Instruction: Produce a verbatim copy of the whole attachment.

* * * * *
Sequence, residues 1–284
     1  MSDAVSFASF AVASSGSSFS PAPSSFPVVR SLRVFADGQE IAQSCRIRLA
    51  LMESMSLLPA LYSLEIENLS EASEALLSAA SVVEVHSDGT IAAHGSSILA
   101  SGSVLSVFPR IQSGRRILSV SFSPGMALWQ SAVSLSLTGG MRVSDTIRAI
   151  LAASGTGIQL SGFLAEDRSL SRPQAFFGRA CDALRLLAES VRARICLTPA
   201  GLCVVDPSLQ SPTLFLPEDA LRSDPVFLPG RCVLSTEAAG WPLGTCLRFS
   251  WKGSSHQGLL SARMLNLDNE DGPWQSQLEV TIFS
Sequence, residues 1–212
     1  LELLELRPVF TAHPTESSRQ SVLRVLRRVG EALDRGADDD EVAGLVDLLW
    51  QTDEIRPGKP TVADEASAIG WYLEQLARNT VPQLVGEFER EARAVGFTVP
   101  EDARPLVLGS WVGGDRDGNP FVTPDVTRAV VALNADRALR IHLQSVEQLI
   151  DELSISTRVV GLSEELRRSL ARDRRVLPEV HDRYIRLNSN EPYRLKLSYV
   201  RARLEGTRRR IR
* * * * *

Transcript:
Sequence, residues 1–284
     1  MSDAVSFASF AVASSGSSFS PAPSSFPVVR SLRVFADGQE IAQSCRIRLA
    51  LMESMSLLPA LYSLEIENLS EASEALLSAA SVVEVHSDGT IAAHGSSILA
   101  SGSVLSVFPR IQSGRRILSV SFSPGMALWQ SAVSLSLTGG MRVSDTIRAI
   151  LAASGTGIQL SGFLAEDRSL SRPQAFFGRA CDALRLLAES VRARICLTPA
   201  GLCVVDPSLQ SPTLFLPEDA LRSDPVFLPG RCVLSTEAAG WPLGTCLRFS
   251  WKGSSHQGLL SARMLNLDNE DGPWQSQLEV TIFS
Sequence, residues 1–212
     1  LELLELRPVF TAHPTESSRQ SVLRVLRRVG EALDRGADDD EVAGLVDLLW
    51  QTDEIRPGKP TVADEASAIG WYLEQLARNT VPQLVGEFER EARAVGFTVP
   101  EDARPLVLGS WVGGDRDGNP FVTPDVTRAV VALNADRALR IHLQSVEQLI
   151  DELSISTRVV GLSEELRRSL ARDRRVLPEV HDRYIRLNSN EPYRLKLSYV
   201  RARLEGTRRR IR